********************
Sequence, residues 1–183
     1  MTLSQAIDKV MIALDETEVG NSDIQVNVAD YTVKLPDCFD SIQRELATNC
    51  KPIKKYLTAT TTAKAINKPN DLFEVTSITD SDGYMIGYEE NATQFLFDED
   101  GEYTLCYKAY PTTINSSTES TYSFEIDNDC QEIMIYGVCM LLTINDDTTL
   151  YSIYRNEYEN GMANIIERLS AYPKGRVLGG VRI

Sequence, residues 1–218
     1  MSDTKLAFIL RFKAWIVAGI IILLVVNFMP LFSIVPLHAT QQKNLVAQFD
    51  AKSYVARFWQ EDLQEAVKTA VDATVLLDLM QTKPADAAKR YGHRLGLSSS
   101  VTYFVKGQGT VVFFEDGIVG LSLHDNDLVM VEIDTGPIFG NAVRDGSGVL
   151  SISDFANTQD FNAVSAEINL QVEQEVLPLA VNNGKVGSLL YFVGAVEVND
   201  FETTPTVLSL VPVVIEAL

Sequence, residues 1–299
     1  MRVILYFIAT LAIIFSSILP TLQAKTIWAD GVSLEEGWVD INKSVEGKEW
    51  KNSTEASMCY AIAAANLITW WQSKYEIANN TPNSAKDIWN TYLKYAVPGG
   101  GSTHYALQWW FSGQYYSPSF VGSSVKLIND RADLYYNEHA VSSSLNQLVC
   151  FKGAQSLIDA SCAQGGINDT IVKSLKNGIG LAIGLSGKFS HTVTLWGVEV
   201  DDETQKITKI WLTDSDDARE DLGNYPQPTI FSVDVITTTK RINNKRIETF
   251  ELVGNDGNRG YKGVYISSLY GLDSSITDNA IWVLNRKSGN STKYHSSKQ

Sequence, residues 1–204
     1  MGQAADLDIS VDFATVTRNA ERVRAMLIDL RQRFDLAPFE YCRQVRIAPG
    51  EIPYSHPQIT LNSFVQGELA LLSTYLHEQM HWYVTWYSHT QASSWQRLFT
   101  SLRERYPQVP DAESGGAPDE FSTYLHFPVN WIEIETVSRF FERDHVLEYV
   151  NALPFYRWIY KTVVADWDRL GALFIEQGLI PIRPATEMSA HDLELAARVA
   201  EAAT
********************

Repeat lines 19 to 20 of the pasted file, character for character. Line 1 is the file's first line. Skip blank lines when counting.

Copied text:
Sequence, residues 1–204
     1  MGQAADLDIS VDFATVTRNA ERVRAMLIDL RQRFDLAPFE YCRQVRIAPG